Generation of anti-virulence compounds against the type three secretion system of Escherichia coli O157:H7

Zambelloni, Riccardo (2017) Generation of anti-virulence compounds against the type three secretion system of Escherichia coli O157:H7. PhD thesis, University of Glasgow.

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Escherichia coli is normally found in the intestinal microbiota of most mammals and is regarded as a commensal bacterium. However, several strains have evolved as pathogens through the acquisition of pathogenicity islands. E. coli O157:H7 is a commensal bacterium for cattle, but can be transmitted to humans where it acts as a pathogen. In humans, E. coli O157:H7 infections cause bloody diarrhoea, haemorrhagic colitis and in some cases haemolytic uremic syndrome (HUS), which can lead to death. Treatment of this bacterial infection is rather complicated as traditional antibiotics have demonstrated to worsen the clinical symptoms and the outcome of the infection. Therefore, the discovery of new treatments for this infection is of great relevance.
Anti-virulence (AV) compounds are one of the most promising classes of drugs for the treatment of E. coli O157:H7 infections, as they selectively target key virulence factors. This approach selectively decreases the ability of the pathogen to cause disease rather than its ability to survive, thus reducing the chances for the development of resistance. The type three secretion system (T3SS) is a key virulence factor for E. coli O157:H7 as it enables the tight attachment of the bacterium to the host cell and the secretion of effector proteins to initiate the colonisation process. The T3SS is a very attractive target for the development of selective AV compounds for E. coli O157:H7.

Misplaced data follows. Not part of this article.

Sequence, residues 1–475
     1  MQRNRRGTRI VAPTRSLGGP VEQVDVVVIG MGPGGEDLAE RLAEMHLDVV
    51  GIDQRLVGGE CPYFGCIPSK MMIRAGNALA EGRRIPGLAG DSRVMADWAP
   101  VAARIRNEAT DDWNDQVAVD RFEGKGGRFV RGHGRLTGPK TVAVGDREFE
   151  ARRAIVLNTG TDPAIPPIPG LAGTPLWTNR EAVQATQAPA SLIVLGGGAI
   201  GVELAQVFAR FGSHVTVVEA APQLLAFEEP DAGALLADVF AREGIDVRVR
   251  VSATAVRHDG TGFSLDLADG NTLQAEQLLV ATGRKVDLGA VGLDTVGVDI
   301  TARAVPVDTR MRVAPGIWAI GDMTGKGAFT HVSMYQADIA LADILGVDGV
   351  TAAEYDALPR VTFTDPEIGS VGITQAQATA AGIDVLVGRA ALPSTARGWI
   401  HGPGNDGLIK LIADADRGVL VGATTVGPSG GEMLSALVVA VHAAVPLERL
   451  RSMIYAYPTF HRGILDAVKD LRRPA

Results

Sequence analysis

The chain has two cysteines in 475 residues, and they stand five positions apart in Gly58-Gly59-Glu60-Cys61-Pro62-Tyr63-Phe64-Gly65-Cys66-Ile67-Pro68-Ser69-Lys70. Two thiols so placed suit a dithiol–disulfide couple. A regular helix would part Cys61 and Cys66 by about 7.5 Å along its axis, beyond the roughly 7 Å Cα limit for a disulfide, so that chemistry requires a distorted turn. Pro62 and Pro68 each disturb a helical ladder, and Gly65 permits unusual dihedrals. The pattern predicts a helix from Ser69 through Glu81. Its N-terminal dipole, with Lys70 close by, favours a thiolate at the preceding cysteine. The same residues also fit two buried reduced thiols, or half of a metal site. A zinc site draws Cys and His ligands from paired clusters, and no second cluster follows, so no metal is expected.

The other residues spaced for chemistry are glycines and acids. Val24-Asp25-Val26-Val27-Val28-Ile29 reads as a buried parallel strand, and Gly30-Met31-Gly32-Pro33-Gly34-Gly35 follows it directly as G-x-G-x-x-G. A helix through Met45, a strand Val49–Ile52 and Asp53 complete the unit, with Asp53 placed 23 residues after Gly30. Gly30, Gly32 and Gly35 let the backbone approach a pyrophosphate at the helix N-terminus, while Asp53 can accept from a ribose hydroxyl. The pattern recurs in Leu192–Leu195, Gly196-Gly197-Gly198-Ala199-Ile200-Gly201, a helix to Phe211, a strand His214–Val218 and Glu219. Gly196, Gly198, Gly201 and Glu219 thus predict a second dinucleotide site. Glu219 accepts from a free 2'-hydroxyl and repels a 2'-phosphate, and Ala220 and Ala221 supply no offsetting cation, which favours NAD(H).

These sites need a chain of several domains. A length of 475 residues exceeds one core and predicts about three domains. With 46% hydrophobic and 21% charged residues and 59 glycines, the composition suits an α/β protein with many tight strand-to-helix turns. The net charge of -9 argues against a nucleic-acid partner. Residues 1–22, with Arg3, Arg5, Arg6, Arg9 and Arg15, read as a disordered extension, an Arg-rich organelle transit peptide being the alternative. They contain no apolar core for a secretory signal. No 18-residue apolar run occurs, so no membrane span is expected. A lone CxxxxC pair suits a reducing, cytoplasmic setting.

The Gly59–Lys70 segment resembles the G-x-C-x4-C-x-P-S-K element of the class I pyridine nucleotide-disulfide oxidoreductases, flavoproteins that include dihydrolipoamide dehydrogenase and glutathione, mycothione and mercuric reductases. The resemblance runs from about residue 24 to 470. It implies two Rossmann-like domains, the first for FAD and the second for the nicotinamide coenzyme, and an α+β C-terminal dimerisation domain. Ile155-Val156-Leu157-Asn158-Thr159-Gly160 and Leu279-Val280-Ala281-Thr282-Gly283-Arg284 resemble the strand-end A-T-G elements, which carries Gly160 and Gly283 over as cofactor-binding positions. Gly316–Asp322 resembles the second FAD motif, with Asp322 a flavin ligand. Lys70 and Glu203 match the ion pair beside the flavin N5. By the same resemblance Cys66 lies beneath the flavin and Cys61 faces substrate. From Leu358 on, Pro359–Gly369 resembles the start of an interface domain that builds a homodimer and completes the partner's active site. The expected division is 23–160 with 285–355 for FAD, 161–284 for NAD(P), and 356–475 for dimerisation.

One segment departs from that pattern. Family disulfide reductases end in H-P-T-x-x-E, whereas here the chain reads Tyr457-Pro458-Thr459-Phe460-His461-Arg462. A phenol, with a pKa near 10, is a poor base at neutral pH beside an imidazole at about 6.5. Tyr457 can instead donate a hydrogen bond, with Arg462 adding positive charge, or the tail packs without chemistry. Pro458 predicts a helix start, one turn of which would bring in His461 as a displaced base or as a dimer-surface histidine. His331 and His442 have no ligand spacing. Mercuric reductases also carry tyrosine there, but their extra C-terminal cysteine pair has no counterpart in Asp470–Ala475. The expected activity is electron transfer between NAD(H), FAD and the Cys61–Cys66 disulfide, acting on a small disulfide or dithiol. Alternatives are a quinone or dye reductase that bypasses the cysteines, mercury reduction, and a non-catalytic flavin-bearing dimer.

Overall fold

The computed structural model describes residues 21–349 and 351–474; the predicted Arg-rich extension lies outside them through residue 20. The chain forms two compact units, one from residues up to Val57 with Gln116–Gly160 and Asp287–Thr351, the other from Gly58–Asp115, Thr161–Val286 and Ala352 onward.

Salicylidene acylhydrazides (SA) are the most well-studied class of AV compounds targeting the T3SS in several Gram-negative bacteria. ME0055 was found to be one of the best SA compounds against the T3SS in E. coli O157:H7, but it is considered as a promiscuous binder since its effects derived from a modulation of several metabolic pathways rather than a direct interaction with the T3SS. However, ME0055 provides an excellent starting point for chemical optimisation and the generation of more stable and potent T3SS inhibitors.
The aim of this work was to chemically modify the ME0055 scaffold in order to create a small focused library of new anti-virulence compounds. Three new active scaffolds based on the SA compound’s core were found to be active against E. coli O157:H7 T3SS. Further biological studies also revealed the main protein target of this new class of anti-virulence compounds, enabling future investigations in the pursuit of new and more potent molecules against the T3SS.

Item Type: Thesis (PhD)
Qualification Level: Doctoral
Keywords: antibiotics, heterocycles, E. coli, type three secretion system.
Subjects: Q Science > QR Microbiology
Colleges/Schools: College of Medical Veterinary and Life Sciences > School of Infection & Immunity > Bacteriology
Supervisor's Name: Roe, Dr. Andrew
Date of Award: 2017
Depositing User: Mr. Riccardo Zambelloni
Unique ID: glathesis:2017-7924
Copyright: Copyright of this thesis is held by the author.
Date Deposited: 16 Feb 2017 10:07
Last Modified: 20 Mar 2017 08:27
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